That’s also a contemplative process. The cable gets mashed flat a couple times, turned 90 degrees and mashed a couple times, turned at an angle (to tighten it as it gets mashed) a couple times, then goes back into the heat. I think the process of turning the cable into a welded bar took about an hour and a half or thereabout.
The trip-hammer is an awesome beast; we students don’t use it. Not because it’s particularly dangerous, but apparently it can be damaged pretty easily if someone pulls the metal out before the hammer hits (so it’s hammering itself) – the bar that’s being welded acts as a cushion. It’s pretty cool; you can feel the whole floor pulse when the hammer drops.
Smiths are pretty big on making their own tools; the forges we’re using are hot water heater tanks that have been cut and fitted with a propane/oxygen mixer and lined with refractory cement. The bigger machines like the trip-hammer are precious industrial-age sandcastings; nowadays most blade makers are using hydraulic presses that provide pretty much the same distortion on the metal but without impact.
When the cable has been trip-hammered into a bar about 19″ long, 1″ x 3/4″, everything gets turned off and shut down and we break for lunch.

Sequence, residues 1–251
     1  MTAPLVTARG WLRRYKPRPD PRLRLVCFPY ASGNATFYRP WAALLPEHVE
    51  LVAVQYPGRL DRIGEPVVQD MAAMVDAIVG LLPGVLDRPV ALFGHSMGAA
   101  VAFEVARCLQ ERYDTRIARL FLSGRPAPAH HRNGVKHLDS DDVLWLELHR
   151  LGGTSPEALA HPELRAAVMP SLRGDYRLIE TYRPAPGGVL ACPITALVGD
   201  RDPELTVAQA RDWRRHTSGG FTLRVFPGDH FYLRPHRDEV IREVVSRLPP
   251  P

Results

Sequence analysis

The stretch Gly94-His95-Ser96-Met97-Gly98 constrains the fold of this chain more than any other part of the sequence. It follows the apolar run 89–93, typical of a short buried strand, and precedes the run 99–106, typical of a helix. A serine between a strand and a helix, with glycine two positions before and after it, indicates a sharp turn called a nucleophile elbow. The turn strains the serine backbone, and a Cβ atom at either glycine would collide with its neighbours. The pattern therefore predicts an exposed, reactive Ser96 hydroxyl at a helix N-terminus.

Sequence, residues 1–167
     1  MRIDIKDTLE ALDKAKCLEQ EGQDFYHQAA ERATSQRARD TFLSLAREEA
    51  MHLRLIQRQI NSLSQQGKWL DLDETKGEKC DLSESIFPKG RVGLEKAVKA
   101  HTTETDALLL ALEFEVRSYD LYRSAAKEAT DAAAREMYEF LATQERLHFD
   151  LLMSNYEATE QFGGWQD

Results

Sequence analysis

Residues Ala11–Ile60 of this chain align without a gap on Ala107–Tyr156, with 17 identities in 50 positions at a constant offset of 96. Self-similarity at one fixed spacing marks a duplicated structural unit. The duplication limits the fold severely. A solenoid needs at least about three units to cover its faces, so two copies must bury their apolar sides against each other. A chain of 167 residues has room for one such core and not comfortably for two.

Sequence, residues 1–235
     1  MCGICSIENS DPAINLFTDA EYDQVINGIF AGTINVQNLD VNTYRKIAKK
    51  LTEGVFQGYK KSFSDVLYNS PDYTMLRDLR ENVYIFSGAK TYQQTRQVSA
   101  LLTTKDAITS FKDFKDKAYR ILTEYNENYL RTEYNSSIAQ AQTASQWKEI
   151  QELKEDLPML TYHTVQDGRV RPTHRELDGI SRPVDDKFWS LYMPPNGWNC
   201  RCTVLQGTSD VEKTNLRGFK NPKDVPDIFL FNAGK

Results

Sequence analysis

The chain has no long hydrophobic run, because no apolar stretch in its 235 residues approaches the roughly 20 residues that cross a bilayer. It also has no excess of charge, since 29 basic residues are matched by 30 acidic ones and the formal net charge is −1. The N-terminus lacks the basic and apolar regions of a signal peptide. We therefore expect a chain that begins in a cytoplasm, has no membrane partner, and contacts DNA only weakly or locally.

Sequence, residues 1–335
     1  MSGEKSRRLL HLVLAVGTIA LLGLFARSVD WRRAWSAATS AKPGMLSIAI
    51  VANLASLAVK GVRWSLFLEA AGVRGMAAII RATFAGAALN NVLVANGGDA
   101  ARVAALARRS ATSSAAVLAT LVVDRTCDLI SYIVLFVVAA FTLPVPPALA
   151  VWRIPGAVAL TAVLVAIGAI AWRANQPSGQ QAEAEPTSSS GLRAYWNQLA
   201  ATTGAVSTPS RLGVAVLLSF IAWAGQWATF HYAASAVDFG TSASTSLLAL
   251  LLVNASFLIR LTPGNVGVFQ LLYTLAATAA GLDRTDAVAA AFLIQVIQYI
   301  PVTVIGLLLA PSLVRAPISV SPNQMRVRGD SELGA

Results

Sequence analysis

The next step is cutting the bar in half and each of us gets a piece to work with. Now, I’m not taking pictures because my hands are busy, though I have the 5D on a tripod controlled by my laptop, shooting 20 second time-lapses for most of the afternoon.
Then comes frustration!
It’s a motor skill that simply has to be acquired; figuring out exactly the right angle to tap and where, to squish the metal a little bit. You also have to hold the metal right in your tongs so it doesn’t leave, and you have about 4 seconds to figure out where you’re going to work it next while you’re lining it up on the anvil, then 10 seconds to drop 6 or 7 good whacks in the right place(s), and it goes back into the heat. When you start to bring the bar into a more blade-shaped wedge, that thins the edge, which puts lengthwise pressure on the bar, so it curves. It feels frustrating because you can lay down a good line of whacks and the blade suddenly looks a whole lot worse until you straighten it (after re-heating) and notice it’s gotten a tiny bit longer and wider and thinner. The changes are slight, and take time, so it’s clearly a matter of learning how to estimate your effect. It doesn’t help that the steel looks very different when it’s red hot than when it’s just very hot; you can see the line of the edge that you’re hammering in much better after it’s too cool to hammer it any more.
After a couple hours of whacking, it starts to look more like a sword. That’s a relief.